I leave the brainstorming and design to you. But I do want to share a pointer from the process that I learned while creating my own visual identity.

Ask for critique

When I say you’re designing for yourself, in reality, your brand identity’s ultimate audience should be those who will interact with your business—your future clients and the creative specialists with whom you want to collaborate. These are the people you should ask to critique your visual identity. These are the people with whom you absolutely must make a good first impression and build a lasting relationship. You might think you’ve created the best design since Lindon Leader’s FedEx logo, but this isn’t a work of art for your eyes only. It must strike others in the heart and brain as well. Ask them what they think.

You’ve got to do it properly, though. I get tons of emails from budding designers wanting me to critique their logo, and that’s all I get, too: a logo, in isolation. No description, no context, just a logo. Sometimes I’ll receive a few variations in order to choose my favorite, but the general idea across each will be exactly the same, except with a minor edit of some sort.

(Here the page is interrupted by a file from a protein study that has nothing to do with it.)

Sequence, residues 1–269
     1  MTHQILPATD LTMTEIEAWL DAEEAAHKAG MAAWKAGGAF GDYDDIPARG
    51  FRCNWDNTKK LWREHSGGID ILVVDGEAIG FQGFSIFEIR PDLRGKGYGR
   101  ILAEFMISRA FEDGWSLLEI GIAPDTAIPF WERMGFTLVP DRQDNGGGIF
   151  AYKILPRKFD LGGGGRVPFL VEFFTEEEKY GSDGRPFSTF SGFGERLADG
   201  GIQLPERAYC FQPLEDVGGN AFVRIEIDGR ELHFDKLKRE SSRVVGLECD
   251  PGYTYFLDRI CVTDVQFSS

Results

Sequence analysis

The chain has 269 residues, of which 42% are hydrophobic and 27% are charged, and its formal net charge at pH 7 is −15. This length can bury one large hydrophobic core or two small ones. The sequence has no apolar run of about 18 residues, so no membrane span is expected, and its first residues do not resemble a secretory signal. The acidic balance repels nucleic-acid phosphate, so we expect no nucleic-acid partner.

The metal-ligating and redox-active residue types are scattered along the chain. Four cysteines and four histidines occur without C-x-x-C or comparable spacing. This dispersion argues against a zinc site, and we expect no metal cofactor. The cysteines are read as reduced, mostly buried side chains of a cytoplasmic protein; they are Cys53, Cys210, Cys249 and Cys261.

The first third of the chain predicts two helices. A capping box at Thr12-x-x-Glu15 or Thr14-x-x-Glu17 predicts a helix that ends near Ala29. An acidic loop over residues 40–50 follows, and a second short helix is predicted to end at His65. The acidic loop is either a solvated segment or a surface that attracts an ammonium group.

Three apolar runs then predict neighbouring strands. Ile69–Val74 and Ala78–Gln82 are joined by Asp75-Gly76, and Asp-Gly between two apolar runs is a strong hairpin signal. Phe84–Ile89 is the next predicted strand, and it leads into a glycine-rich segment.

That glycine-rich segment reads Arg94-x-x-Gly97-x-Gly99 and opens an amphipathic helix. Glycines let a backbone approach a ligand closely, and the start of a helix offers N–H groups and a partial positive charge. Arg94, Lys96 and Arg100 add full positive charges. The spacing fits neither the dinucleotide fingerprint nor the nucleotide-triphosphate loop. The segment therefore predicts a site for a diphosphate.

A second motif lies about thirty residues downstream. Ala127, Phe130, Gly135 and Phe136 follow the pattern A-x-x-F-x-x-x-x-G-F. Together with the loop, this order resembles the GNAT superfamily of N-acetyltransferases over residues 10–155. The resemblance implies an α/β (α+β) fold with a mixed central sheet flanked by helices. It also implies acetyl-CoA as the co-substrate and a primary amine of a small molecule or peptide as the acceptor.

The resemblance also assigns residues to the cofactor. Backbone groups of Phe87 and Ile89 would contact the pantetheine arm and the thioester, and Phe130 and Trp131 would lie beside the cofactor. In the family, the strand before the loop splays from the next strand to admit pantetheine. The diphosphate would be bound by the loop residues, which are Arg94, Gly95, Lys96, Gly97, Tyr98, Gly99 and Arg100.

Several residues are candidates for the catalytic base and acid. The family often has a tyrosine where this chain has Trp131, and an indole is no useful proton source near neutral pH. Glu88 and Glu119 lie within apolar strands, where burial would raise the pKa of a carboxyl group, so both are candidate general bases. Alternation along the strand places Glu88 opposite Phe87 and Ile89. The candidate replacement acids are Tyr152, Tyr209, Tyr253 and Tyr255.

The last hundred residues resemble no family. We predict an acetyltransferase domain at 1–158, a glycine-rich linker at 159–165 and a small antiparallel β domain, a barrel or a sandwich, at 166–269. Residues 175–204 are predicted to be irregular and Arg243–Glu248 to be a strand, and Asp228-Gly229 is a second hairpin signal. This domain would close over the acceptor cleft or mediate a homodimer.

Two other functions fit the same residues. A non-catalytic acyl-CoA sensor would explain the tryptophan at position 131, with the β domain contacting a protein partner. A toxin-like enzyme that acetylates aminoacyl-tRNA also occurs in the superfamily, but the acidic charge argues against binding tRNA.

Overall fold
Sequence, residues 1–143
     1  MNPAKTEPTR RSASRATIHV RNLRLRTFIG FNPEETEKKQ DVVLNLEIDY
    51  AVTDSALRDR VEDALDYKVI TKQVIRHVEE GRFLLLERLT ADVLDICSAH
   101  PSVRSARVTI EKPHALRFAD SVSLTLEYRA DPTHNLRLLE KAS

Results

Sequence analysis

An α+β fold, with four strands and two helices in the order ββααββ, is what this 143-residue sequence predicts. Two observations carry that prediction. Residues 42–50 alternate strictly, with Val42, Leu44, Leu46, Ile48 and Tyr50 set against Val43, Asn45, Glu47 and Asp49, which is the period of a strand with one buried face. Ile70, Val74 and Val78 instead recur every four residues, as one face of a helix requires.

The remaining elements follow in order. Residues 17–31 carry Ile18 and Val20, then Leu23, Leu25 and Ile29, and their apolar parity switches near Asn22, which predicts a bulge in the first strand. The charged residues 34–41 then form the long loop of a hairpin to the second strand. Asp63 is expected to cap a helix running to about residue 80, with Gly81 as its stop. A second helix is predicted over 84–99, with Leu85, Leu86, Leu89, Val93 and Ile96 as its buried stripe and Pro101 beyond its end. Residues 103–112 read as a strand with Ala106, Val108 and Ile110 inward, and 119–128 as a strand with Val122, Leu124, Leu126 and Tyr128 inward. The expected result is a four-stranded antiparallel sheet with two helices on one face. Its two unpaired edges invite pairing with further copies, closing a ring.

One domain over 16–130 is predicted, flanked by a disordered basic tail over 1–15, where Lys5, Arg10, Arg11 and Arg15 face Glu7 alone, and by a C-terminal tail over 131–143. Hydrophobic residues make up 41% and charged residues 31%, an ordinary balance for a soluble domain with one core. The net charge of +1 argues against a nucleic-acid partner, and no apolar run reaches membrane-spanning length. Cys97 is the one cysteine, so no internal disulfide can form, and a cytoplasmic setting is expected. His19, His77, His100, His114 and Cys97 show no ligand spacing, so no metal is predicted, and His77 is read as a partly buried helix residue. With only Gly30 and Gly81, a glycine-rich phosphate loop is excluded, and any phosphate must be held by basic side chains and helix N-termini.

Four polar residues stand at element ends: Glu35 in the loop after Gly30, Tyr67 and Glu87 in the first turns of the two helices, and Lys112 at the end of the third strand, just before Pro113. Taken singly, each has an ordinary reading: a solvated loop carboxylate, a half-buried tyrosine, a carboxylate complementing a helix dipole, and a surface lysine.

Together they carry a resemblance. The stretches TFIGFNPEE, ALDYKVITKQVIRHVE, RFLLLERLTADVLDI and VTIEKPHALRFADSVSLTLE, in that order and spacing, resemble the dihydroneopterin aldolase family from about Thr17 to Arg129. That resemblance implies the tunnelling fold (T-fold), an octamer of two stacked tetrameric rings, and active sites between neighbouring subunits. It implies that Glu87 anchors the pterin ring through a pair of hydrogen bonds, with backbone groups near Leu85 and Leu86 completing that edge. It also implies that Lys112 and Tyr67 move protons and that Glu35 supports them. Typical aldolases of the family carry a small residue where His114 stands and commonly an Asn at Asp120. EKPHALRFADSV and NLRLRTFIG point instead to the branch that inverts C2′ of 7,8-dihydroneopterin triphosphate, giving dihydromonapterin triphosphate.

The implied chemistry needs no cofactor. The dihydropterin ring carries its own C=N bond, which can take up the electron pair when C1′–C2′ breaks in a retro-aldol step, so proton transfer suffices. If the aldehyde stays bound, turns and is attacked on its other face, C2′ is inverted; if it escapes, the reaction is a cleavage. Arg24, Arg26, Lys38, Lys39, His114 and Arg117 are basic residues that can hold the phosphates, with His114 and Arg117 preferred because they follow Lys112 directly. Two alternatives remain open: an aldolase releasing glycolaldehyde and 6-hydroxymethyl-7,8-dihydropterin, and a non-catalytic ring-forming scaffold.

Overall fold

Those kinds of requests are just asking me to micromanage their project. Do I like sample A or sample B better? I don’t know. I don’t have enough information.

Remember that you are not asking people for their aesthetic favorite. You’re asking for an overall, informed opinion on whether the visual identity is appropriate for identifying your business, your goals, and your future success. Show them your designs in context, and offer a description about what you want it to say about yourself.

Don’t show an idea that you don’t believe works. The worst outcome would be to feel forced into living with a design you aren’t 99% comfortable with (the designers I know are never 100% comfortable).